Evaluation stage has a lot of importance in the democratic regimes. Evaluation has two principals’ goals: accountability and learning.
It can exist a plenty of methods to evaluate policies. The most parts of methods try to combine quantitative and qualitative analysis. Evaluation usually focuses on a single piece of legislation or individual project and the objectives Is overseeing if it achieves certain policy goals or not. However, evaluation are interested not only in the policy outputs and impacts, but in taking the policy making process as an equally valid object of study.
The evaluation has a lot of importance for the European Commission. The Commission are non-elected and evaluation may be a good idea to justify the worth of their activities. At EU level we can find quite policy stakeholders.
For instance, The Committee or Regions and the European Economic and Social Committee seek to evaluate and monitor not only the policy content, but also the policy-making process. And other important stakeholder is European Court of Auditors which is very active evaluating procedures and conduct as concern the spending of the EU budget. Finally DGs contain a handful of desk officers, with few real evaluation experts in-house.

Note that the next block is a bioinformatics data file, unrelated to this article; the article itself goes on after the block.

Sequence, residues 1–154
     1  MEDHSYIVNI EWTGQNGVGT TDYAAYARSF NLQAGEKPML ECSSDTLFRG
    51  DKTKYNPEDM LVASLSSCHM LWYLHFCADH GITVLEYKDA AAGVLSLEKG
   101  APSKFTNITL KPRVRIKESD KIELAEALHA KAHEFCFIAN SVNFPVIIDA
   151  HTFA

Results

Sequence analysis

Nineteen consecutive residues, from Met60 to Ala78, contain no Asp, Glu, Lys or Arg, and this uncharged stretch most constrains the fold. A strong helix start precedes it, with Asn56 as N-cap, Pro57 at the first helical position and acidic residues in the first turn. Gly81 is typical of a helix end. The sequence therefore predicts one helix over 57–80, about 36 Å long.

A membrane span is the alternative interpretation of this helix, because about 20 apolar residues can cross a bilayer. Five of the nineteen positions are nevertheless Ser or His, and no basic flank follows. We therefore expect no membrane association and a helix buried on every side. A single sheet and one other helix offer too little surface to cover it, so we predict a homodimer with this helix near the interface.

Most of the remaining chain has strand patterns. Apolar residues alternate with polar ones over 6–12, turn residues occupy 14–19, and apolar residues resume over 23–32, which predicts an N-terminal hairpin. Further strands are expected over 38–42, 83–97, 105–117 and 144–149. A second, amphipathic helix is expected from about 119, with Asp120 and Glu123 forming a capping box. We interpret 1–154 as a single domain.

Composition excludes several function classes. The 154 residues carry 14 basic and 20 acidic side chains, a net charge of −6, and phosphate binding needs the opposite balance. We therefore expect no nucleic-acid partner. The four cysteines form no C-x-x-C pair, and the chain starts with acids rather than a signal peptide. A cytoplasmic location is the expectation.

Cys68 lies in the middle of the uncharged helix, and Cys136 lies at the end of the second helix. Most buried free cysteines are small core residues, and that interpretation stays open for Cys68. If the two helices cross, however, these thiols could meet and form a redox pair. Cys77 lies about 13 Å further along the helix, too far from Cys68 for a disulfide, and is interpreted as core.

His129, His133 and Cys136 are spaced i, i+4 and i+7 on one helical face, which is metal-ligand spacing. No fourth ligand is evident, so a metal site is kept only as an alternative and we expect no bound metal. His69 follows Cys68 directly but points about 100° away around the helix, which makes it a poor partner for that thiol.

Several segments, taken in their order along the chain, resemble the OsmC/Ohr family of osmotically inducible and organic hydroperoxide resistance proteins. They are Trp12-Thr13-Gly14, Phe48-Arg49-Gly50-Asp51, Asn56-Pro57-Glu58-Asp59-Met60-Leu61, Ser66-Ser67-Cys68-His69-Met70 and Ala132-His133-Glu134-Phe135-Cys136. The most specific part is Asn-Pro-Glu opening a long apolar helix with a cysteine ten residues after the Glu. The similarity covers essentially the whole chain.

According to a theoretical perspective we can find three types of evaluation. 1) Administrative evaluation. Examines efficiency, the achievement of priorities and goals, managerial performance or the respect of democratic procedure. 2) Political evaluation. Attempts to label a policy as a success or failure based on preferences and ideology often with calls for termination or change. It is not a systematic or technically sophisticated and these can produce biases. 3) Judicial evaluation. Examines issues related to how programmes are implemented, assesses legality of government action and codes of administrative conduct.
To improve your knowledge we recommend:
Fitzpatrick, J., Christie, C. and Mark, M.M. (2009) Evaluation in Action. Interviews with experts evaluators (London: Stage)
Rossi, P.H., Lipsey, M.W. and Freeman, H.E. (2004) Evaluation. A systematic approach, 7th edn (London: Stage)